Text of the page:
Code samples for: 'A brief history of synthesis'
This repository contains 6 implementations of classic synthesis techniques using the Web Audio API:
- Theremin: A basic monophonic synthesiser where the pitch and volume of a single oscillator are controlled using the mouse pointer, a bit like waving your hands near a Theremin
- Additive Synthesis: Create sounds by adding together sine waves. This demo also shows how to achieve polyphony (playing multiple notes at the same time) with the Web Audio API.
- Subtractive Synthesis: A simple subtractive monosynth - create sounds by filtering sawtooth waves.
- FM Synthesis: An implementation of the "brass-like sounds" from John Chowning's seminal paper on Frequency Modulation Synthesis.
- Sampler: A demonstration of how to load samples from an external source, map them to keys, and play them back at various time offsets. Samples the "Amen break".
- Granular: A basic granular synthesis engine with variable grain length and grain density.
In addition a simple class
keyboard.js shows how to map QWERTY keys
to midi note numbers.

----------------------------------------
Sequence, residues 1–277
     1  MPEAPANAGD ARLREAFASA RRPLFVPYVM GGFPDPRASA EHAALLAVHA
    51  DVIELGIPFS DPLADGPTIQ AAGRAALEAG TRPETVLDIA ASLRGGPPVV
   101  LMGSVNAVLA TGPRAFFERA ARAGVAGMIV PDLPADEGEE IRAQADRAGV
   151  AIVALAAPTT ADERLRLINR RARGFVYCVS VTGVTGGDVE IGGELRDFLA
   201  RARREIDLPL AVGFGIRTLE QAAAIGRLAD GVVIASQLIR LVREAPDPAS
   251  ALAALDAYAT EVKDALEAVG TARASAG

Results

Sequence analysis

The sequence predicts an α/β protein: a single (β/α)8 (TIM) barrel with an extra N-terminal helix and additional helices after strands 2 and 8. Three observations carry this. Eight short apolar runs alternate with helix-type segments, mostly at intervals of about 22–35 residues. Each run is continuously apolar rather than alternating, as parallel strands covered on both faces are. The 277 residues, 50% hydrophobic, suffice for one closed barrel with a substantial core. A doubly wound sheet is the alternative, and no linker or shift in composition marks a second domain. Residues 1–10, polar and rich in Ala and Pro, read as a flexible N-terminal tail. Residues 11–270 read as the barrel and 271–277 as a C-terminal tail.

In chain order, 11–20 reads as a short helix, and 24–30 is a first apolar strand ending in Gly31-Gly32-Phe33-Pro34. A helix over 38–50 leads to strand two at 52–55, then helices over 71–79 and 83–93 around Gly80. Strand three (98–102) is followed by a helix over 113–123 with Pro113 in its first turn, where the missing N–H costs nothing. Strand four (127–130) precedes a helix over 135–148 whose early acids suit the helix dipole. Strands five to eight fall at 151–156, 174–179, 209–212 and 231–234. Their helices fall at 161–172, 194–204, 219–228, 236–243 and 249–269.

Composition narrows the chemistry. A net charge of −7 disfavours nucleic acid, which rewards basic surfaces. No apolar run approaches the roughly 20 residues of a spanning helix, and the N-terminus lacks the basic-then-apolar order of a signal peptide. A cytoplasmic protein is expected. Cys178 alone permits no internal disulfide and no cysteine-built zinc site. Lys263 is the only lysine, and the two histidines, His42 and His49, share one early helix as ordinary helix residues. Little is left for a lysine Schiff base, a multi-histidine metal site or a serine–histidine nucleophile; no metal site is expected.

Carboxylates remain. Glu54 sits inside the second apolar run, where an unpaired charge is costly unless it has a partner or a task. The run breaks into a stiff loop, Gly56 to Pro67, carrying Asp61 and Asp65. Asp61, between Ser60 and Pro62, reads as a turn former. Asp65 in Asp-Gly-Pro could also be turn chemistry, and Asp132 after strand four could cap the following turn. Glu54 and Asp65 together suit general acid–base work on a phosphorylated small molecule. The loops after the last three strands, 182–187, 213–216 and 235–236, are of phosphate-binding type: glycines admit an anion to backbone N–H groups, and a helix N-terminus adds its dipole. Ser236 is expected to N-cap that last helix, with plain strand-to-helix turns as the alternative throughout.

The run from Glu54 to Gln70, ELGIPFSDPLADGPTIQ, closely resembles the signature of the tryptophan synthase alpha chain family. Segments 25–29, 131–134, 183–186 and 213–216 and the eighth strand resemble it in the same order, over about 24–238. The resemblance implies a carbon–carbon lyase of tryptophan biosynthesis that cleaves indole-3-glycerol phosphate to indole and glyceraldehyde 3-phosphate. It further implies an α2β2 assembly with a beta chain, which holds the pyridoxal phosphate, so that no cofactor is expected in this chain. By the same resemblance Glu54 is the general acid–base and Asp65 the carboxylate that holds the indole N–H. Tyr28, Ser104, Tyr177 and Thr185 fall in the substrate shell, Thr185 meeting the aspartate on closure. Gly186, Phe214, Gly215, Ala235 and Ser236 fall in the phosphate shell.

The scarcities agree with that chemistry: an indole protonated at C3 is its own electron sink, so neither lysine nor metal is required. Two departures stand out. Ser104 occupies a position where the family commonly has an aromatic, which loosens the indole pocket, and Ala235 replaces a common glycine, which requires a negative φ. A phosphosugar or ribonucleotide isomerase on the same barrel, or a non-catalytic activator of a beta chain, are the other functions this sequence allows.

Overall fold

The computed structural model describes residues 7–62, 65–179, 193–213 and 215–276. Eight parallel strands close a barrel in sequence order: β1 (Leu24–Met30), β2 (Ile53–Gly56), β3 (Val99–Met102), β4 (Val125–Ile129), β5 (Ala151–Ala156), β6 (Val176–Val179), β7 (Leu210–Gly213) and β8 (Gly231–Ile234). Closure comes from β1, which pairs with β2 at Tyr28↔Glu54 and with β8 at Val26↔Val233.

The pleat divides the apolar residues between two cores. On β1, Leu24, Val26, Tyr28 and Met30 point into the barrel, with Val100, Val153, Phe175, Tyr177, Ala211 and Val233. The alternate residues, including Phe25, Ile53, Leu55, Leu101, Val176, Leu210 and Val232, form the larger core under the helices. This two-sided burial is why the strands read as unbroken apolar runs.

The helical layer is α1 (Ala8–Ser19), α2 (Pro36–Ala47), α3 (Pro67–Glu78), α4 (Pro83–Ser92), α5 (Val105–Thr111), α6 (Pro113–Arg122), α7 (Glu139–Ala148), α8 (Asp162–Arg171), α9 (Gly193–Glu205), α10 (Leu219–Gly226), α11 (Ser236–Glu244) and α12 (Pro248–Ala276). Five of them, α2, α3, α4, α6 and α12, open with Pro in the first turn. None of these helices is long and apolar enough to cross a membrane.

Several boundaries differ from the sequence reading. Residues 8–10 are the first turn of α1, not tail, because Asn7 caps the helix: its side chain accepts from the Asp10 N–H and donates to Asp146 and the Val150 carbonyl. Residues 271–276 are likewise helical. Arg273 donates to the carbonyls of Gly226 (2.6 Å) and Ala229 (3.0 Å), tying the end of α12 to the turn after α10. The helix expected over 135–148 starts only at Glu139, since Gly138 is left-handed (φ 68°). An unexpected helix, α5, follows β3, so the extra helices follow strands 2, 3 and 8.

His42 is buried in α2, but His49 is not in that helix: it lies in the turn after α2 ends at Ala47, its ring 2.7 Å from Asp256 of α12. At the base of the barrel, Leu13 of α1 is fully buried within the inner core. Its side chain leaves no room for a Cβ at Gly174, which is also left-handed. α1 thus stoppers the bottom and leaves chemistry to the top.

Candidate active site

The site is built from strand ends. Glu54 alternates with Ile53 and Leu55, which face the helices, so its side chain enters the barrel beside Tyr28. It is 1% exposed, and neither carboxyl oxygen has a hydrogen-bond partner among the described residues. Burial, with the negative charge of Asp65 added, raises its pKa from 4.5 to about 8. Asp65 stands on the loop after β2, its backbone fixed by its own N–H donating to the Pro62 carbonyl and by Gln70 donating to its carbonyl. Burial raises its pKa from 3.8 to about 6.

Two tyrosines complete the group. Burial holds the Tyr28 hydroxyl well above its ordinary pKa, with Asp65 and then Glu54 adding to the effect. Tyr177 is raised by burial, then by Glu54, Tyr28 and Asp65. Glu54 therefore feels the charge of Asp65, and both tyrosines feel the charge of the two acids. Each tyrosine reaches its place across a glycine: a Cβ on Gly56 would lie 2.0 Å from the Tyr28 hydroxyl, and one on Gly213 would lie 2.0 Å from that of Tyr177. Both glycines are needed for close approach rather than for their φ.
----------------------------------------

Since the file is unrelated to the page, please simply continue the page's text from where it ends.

Running the code
Each directory contains a file
index.html. You'll need to arrange
for that to be served locally to run the demo as some of them make
requests for external resources that need to be served on the same
origin. You probably have a favourite way of doing that. I like
Anvil for Mac as it's really easy to use.
When writing these examples I tried to keep the ratio of Web Audio code to boilerplate as high as I could. I've avoided libraries, frameworks and build tools to make the code as simple as possible to understand (for you, and for me!). I'd love it if you took this code, played around with it, changed the parameters, added features and used it to understand how to make interesting, beautiful sounds using the Web Audio API.
I want to know more!
At the moment, this code is presented as-is, and without commentary, although I've tried to make it as easy to follow as possible.
I cover some of the background theory in my ScotlandJS talk (video to follow). For the rest, I'm planning to write a book on this subject, and expand on these examples and others in greater detail. If that sounds interesting to you, please subscribe to my newsletter to be the first to hear about it.